Beekman Tower

 
 
 
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OVERVIEW

The Beekman Tower is set on a 42,000 SF site in lower Manhattan. The building is a 75-story mixed-use tower, which houses a New York City Public School, office space for the New York Downtown Hospital, and over nine hundred residential units.

The classical proportions of the tower conform to the New York City setback rules, creating a tall wedding cake design typical in the city. The wall of the tower undulates in soft folds reminiscent of fabric. The apartment windows perforate this sculptural stainless steel cladding. As the windows move out into the apex of the folds, they create bay windows with window seats on the apartment interiors. Each floor of the tower has a unique configuration, due to the undulating facade. Each residential unit will have a unique shape where it connects with the exterior facade.

 

 

Client:
Forest City
Ratner

Location:
Lower Manhattan, New York, NY

Type:
Tower

Size:
1,000,000 SF

Team:
Gehry Partners, WSP Cantor, Seinuk, JB&B

 
 
 
 
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Outcomes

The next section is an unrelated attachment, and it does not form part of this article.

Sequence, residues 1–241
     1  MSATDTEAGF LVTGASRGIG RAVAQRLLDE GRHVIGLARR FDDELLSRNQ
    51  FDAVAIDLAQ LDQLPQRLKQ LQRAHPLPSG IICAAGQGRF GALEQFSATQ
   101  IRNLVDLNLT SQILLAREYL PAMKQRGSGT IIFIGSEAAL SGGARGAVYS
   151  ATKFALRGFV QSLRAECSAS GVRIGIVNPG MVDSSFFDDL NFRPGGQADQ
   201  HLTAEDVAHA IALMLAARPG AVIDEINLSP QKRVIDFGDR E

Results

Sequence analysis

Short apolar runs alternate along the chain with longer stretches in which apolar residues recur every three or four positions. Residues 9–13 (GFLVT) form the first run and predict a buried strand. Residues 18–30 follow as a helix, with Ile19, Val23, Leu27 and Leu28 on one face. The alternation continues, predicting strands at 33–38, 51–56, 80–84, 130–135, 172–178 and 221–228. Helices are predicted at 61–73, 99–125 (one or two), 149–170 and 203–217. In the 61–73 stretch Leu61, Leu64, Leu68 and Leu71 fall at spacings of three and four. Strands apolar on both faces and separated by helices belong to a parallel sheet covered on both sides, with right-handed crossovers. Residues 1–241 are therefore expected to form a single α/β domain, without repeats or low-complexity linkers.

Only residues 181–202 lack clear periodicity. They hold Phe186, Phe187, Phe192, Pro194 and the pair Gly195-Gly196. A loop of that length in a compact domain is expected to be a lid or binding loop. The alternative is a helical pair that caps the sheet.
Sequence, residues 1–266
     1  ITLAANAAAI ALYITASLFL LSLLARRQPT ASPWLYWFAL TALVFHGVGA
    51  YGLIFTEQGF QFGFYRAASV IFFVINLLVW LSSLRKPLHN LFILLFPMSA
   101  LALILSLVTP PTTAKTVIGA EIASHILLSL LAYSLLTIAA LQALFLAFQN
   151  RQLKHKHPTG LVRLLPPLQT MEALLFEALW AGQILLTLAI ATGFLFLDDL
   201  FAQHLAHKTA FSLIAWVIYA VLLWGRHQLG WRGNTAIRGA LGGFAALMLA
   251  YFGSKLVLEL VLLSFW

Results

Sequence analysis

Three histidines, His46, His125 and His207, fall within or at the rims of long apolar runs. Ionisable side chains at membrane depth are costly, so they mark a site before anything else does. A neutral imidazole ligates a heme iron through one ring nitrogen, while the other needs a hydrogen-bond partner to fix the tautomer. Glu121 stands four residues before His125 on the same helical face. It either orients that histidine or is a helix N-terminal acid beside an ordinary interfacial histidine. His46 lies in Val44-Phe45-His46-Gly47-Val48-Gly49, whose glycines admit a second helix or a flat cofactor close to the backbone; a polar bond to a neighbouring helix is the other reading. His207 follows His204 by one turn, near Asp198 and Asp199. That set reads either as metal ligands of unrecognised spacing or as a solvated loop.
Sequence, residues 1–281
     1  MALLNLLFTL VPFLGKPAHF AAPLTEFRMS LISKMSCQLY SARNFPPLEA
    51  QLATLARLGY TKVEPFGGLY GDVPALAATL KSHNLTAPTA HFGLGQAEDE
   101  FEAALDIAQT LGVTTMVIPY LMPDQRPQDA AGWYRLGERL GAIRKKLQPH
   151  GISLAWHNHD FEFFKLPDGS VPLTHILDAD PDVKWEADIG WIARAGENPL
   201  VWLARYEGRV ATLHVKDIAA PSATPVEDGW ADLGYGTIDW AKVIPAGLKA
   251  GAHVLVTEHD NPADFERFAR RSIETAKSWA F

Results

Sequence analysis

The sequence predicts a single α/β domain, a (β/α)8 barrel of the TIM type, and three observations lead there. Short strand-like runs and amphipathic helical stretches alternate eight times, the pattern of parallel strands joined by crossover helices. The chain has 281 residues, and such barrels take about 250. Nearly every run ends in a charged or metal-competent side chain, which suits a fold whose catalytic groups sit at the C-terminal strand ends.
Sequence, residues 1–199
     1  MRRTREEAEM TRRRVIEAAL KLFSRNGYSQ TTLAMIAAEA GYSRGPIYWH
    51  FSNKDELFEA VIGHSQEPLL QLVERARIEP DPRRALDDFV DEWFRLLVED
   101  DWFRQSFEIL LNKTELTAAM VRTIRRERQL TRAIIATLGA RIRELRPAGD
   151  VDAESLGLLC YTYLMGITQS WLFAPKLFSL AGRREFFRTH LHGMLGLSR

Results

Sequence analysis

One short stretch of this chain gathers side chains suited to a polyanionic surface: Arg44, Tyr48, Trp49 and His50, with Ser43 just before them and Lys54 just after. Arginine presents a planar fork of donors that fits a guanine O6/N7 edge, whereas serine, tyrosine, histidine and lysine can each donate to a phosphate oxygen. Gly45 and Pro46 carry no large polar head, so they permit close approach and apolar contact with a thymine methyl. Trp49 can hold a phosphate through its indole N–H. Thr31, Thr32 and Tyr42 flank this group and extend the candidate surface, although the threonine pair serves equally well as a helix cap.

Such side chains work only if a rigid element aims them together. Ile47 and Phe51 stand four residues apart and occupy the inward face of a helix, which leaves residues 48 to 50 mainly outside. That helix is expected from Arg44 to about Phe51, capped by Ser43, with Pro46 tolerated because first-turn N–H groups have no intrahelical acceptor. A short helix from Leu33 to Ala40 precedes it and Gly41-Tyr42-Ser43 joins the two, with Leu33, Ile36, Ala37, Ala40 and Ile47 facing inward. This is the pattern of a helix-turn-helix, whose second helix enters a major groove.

Trimble Consulting worked with the client to improve the design process, automate design to fabrication, accelerate collaboration, create accountability and optimize the design.

Trimble Consulting provided the technical infrastructure and services, integrating the process from design through supply chain management. This work was focused on developing custom tools for automating the development of critical construction information, and for developing the composite project 3D database. The curtain wall design and fabrication was a specific focus for this effort.

The Beekman Tower is informed by specific programmatic issues in the layout of individual panel elements, and by the economic requirements of developing the design intentions into a mass customizable, panelized curtain wall system.

The goal of the automation process was to develop custom tools which would allow designers to modify the surface qualities while incorporating the cost variations of specific panel typologies into an overall development of the panelization. The result is an overall façade design incorporating fabrication logics and associated unit costs of different panel geometries into a solution that satisfies the overall design intentions of the surface geometry, the detailed construction logic of each panel, the communication requirements of the fabrication between design and fabrication, and both micro and macro cost metrics.